Litigation Privilege Protects Client’s Statement That His Former Lawyer Was a Liar, Thief, and “No Good Drunk”

 by:  Peter J. Gallagher (@pjsgallagher) (LinkedIn)

Privilege (pd)Anyone who has practiced law for any period of time likely has a story about a misdirected email. You know, the one you meant to send to a client or a colleague, but it went to your adversary or your supervising partner instead. These situations often just result in mild to moderate awkwardness around the office, but they sometimes create bigger problems. MacNaughton v. Harmelech, a recent decision from the Appellate Division, involved the latter. But it also involved the litigation privilege, something I wrote about just a few weeks back. (What Do eBay, The "40 Year Old Virgin," And The Litigation Privilege Have In Common?). And, fortunately for defendant, the statements in his misdirected email were protected by that privilege.

In MacNaughton, plaintiff, a New Jersey lawyer, represented defendant in a lawsuit involving defendant's company. Defendant disputed plaintiff's bill and plaintiff eventually sued defendant over the bill. At some point during the litigation, the trial court asked the parties whether they were interested in mediation. Around the same time, however, plaintiff was "in contact with another of defendant's creditors about banding together to force defendant into involuntary bankruptcy." As you might expect, when defendant learned about plaintiff's efforts, it colored his decision about whether to agree to mediation. In fact, defendant sent the following email, reprinted exactly as it appeared in the Appellate Division's decision, to his lawyers on the subject:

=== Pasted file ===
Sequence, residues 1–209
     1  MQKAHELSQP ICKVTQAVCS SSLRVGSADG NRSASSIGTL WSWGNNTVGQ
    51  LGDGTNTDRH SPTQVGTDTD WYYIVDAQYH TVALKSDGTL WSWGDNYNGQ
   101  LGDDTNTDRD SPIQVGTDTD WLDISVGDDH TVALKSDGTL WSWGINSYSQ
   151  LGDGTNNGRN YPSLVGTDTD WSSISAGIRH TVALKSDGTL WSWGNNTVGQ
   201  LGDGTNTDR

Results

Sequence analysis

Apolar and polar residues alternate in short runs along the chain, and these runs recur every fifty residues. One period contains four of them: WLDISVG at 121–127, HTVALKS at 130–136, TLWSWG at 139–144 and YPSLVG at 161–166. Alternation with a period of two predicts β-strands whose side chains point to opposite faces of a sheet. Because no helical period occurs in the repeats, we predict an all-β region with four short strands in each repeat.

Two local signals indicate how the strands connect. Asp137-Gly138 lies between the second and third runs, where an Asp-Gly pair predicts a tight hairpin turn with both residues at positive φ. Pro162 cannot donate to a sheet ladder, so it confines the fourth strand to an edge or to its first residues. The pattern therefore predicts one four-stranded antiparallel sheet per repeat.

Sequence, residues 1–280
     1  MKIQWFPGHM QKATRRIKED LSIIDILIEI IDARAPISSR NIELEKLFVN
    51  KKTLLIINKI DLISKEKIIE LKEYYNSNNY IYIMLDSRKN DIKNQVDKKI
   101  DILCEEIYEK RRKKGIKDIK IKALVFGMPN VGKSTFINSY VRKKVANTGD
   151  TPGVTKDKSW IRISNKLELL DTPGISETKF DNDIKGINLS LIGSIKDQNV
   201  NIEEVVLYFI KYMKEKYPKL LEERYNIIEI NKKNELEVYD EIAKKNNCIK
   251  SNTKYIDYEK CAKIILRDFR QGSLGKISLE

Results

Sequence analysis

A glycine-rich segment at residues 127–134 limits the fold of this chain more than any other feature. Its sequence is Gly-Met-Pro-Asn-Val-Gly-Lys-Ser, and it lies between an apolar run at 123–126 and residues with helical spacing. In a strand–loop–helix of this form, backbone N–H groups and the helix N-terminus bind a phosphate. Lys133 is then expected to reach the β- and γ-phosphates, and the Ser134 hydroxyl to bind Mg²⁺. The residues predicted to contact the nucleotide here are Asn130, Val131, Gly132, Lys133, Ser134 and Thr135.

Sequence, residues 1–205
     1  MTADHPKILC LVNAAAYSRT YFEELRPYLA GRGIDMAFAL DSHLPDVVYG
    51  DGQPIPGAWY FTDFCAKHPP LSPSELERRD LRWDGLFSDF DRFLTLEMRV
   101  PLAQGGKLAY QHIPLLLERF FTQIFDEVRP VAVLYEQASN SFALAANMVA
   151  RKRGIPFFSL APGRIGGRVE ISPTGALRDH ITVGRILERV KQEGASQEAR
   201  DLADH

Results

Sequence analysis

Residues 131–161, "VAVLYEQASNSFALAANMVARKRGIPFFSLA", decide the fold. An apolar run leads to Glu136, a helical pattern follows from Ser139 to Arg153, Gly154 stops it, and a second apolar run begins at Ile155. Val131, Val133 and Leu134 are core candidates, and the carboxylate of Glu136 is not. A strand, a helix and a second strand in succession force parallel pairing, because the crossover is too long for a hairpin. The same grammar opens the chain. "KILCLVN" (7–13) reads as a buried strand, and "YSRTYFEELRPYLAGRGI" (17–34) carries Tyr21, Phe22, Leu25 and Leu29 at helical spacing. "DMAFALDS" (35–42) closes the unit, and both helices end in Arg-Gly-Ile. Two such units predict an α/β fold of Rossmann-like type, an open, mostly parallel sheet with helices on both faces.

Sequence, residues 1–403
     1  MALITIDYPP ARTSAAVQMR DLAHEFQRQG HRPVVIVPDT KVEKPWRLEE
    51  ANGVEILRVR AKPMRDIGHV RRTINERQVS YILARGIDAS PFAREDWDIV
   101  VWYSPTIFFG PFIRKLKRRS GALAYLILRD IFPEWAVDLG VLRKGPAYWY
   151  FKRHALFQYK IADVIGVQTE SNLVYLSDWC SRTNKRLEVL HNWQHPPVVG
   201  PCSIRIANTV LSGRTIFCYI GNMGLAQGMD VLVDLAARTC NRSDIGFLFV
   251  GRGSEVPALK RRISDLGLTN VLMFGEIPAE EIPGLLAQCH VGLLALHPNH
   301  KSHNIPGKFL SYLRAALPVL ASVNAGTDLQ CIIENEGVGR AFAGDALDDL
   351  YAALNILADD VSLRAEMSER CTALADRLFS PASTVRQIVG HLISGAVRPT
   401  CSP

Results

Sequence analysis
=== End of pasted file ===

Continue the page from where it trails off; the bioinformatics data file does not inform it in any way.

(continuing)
Please I Am asking you to file a paper in the state court there WILL NOT BE AGREE NOT TO BE A MEDIATION MACNAUGHTON CALL TODAY AND ASK HIM TO TRY TO POT ME IN IN VALENTRY BANKRUPTCY AS YOU SEE HE IS A. LIAR THIEF AND NO GOOD DRUNK

NO TO BE TRUSTED THANKS

Unfortunately, defendant also copied plaintiff on this email. Upon receiving it, plaintiff filed a one-count complaint for defamation. The trial court held a hearing on whether the statements were protected under the litigation privilege. After taking testimony from defendant and his current counsel, the court applied the four-factor test from Hawkins v. Harris, and held that they were. As a result, plaintiff's claim was dismissed. Plaintiff appealed.  

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What Do eBay, The “40 Year-Old Virgin,” And The Litigation Privilege Have In Common?

 by:  Peter J. Gallagher (@pjsgallagher) (LinkedIn)

Jonah hillNot much, but please keep reading.

In the movie, the 40-Year-Old-Virgin, an almost unrecognizable Jonah Hill has a very small, but funny, part. He plays a customer at the “We Sell Your Stuff On Ebay” store, which is owned by Steve Carell’s character’s love interest, played by Catherine Keener. According to IMDB.com, Hills plays “Ebay Customer,” who is, to say the least, having trouble understanding how the store works. He wants to buy some "wonderful" shoes that he found at the store. Keener's character explains that she does not actually sell any of the items in her store at the store, she sells them on eBay. Hill's character just doesn't get it, eventually telling Keener's character that he just wanted to buy the shoes and take them home, but that she was "making it extremely difficult" for him to do so.

The recent Appellate Division decision, XCalibur Communications v. Karcich, involved a dispute over the sale of the plaintiff’s merchandise on eBay. No word on whether any of those sales involved shoes like the ones Hill’s character was looking to buy, but the decision helps clarify the scope of the litigation privilege, which is broader than many people think. 

Continue reading “What Do eBay, The “40 Year-Old Virgin,” And The Litigation Privilege Have In Common?”

This Is The Landlord-Tenant Equivalent Of Accusing Your Spouse Of Stealing The Covers